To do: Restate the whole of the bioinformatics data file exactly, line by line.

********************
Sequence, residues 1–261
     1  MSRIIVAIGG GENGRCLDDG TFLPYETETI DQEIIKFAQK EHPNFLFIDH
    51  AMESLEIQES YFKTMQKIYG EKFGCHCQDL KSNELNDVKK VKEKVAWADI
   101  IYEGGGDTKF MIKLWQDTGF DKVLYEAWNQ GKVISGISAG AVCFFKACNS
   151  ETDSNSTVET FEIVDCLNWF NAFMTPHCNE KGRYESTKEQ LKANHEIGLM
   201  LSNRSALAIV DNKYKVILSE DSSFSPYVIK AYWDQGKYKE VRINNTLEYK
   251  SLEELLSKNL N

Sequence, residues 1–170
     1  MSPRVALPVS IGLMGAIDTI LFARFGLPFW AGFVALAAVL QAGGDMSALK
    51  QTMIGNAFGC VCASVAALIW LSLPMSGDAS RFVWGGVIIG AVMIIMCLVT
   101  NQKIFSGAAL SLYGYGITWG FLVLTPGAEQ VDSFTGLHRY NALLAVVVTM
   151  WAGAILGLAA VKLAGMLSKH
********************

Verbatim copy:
Sequence, residues 1–261
     1  MSRIIVAIGG GENGRCLDDG TFLPYETETI DQEIIKFAQK EHPNFLFIDH
    51  AMESLEIQES YFKTMQKIYG EKFGCHCQDL KSNELNDVKK VKEKVAWADI
   101  IYEGGGDTKF MIKLWQDTGF DKVLYEAWNQ GKVISGISAG AVCFFKACNS
   151  ETDSNSTVET FEIVDCLNWF NAFMTPHCNE KGRYESTKEQ LKANHEIGLM
   201  LSNRSALAIV DNKYKVILSE DSSFSPYVIK AYWDQGKYKE VRINNTLEYK
   251  SLEELLSKNL N

Sequence, residues 1–170
     1  MSPRVALPVS IGLMGAIDTI LFARFGLPFW AGFVALAAVL QAGGDMSALK
    51  QTMIGNAFGC VCASVAALIW LSLPMSGDAS RFVWGGVIIG AVMIIMCLVT
   101  NQKIFSGAAL SLYGYGITWG FLVLTPGAEQ VDSFTGLHRY NALLAVVVTM
   151  WAGAILGLAA VKLAGMLSKH